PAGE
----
Report: US net traffic was hijacked through China

Summary:China redirected internet traffic from UK and US public sector bodies through its own servers on April 8, according to security company McAfee.

At 3:00pm UTC on April 8, 2010, all traffic coming from military and civilian government networks in the UK, the US, Australia and South Korea started re-directing through China Telecom, said Dmitri Alperovitch, McAfee's vice president of threat research. Traffic coming from commercial organizations was also routed through Chinese servers.

"Traffic destined for 15 percent of the world's destinations was hijacked via internet routing protocols," Alperovitch told ZDNet UK on Tuesday. "China Telecom also had Dell, Microsoft and Yahoo as part of the re-routing." In addition, traffic coming from various parts of Russian and Indian networks was also hijacked.

The redirection occurred when China Telecom advertised itself as being the best route for data packets being sent from and to destinations. The core internet routing protocol, the Border Gateway Protocol (BGP), allows for the exchange of information between networks of autonomous systems. BGP maintains a table of available IP networks and finds the most efficient routes for internet traffic. Service providers can announce BGP routes, which are then shared between other service providers. All affected traffic was re-routed by China Telecom for 18 minutes, but the after-effects were extended due to caching.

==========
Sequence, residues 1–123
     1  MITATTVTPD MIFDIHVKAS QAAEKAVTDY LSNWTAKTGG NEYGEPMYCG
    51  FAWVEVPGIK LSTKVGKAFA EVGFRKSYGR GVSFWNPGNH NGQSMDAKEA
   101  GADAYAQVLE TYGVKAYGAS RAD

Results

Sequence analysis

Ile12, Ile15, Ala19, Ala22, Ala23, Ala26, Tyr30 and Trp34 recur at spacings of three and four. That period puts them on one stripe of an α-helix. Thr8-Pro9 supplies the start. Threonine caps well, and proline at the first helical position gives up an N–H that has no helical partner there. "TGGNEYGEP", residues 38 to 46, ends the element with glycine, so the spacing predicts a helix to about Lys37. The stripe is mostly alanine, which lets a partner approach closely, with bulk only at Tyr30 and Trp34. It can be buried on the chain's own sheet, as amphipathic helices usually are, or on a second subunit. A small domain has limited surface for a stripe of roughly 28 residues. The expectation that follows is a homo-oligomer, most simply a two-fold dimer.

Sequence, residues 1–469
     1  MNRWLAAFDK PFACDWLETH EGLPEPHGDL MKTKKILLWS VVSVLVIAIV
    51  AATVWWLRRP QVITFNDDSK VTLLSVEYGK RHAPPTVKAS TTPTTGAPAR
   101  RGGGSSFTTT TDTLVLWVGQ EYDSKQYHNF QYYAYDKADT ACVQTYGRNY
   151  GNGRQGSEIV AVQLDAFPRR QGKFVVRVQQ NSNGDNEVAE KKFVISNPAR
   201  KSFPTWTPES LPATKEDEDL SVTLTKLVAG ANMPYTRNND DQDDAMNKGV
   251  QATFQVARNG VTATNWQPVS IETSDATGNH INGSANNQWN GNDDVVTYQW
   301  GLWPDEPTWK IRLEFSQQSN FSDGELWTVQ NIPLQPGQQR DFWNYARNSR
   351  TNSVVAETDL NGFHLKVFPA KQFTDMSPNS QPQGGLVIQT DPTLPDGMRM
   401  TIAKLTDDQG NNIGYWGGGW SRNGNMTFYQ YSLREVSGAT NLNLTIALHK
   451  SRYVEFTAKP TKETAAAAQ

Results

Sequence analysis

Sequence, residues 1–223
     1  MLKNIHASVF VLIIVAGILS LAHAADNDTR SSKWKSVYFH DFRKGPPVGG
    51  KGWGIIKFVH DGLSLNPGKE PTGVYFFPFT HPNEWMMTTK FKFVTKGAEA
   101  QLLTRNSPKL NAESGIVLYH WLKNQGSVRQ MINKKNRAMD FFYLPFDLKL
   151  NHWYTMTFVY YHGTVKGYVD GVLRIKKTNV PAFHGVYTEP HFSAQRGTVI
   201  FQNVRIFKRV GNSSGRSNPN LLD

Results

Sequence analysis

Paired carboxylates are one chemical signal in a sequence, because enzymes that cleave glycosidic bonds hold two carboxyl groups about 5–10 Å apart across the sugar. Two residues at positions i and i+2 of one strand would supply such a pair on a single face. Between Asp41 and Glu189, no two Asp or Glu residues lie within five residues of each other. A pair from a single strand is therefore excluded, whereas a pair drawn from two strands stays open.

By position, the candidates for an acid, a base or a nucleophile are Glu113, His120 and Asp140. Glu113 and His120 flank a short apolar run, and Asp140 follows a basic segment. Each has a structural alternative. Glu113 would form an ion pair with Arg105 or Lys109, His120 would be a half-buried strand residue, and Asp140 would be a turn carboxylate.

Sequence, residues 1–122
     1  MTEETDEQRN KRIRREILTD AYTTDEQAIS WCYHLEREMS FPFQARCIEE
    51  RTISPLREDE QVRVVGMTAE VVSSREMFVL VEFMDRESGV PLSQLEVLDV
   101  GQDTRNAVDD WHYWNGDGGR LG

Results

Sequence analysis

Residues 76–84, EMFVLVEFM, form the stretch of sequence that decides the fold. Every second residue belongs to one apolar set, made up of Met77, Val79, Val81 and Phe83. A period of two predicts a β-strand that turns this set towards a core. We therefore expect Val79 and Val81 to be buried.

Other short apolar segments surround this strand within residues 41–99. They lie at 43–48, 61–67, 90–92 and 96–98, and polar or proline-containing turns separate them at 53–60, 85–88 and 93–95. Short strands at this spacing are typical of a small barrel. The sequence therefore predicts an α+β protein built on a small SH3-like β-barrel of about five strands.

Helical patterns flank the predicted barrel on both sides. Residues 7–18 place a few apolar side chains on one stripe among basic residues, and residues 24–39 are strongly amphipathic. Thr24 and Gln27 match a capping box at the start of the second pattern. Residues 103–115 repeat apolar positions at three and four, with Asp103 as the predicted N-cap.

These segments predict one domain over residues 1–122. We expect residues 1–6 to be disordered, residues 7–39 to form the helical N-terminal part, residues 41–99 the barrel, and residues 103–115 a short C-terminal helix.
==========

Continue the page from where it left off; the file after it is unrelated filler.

"The impact was longer than 18 minutes," said Alperovitch. "Later, China Telecom withdrew [the routing], but there was a delay. Some destinations were still being routed through China as much as an hour later." It was not known whether the traffic was re-routed deliberately or accidentally.

For more on this story, read China hijacked UK internet traffic, says McAfee on ZDNet UK.

Topics: China, Browser, Networking

About

Tom is a technology reporter for ZDNet.com, writing about all manner of security and open-source issues.Tom had various jobs after leaving university, including working for a company that hired out computers as props for films and television, and a role turning the entire back catalogue of a publisher into e-books.Tom eventually found tha... Full Bio

Kick off your day with ZDNet's daily email newsletter. It's the freshest tech news and opinion, served hot. Get it.

Related Stories

The best of ZDNet, delivered

You have been successfully signed up. To sign up for more newsletters or to manage your account, visit the Newsletter Subscription Center.
Subscription failed.